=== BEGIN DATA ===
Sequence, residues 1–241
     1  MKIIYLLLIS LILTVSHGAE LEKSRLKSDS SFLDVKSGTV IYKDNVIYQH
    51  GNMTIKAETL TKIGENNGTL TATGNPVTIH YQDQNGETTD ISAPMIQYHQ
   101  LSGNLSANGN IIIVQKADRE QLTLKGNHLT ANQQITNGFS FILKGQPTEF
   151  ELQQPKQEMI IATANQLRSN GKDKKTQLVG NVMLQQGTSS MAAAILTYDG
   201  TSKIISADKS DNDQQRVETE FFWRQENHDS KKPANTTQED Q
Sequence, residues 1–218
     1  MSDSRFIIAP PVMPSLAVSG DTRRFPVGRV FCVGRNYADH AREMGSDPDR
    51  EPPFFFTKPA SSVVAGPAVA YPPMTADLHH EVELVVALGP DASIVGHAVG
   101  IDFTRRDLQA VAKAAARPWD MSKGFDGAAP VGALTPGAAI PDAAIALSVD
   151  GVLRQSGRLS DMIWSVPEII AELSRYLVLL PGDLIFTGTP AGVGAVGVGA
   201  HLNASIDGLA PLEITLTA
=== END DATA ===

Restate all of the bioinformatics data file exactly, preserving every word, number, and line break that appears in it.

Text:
Sequence, residues 1–241
     1  MKIIYLLLIS LILTVSHGAE LEKSRLKSDS SFLDVKSGTV IYKDNVIYQH
    51  GNMTIKAETL TKIGENNGTL TATGNPVTIH YQDQNGETTD ISAPMIQYHQ
   101  LSGNLSANGN IIIVQKADRE QLTLKGNHLT ANQQITNGFS FILKGQPTEF
   151  ELQQPKQEMI IATANQLRSN GKDKKTQLVG NVMLQQGTSS MAAAILTYDG
   201  TSKIISADKS DNDQQRVETE FFWRQENHDS KKPANTTQED Q
Sequence, residues 1–218
     1  MSDSRFIIAP PVMPSLAVSG DTRRFPVGRV FCVGRNYADH AREMGSDPDR
    51  EPPFFFTKPA SSVVAGPAVA YPPMTADLHH EVELVVALGP DASIVGHAVG
   101  IDFTRRDLQA VAKAAARPWD MSKGFDGAAP VGALTPGAAI PDAAIALSVD
   151  GVLRQSGRLS DMIWSVPEII AELSRYLVLL PGDLIFTGTP AGVGAVGVGA
   201  HLNASIDGLA PLEITLTA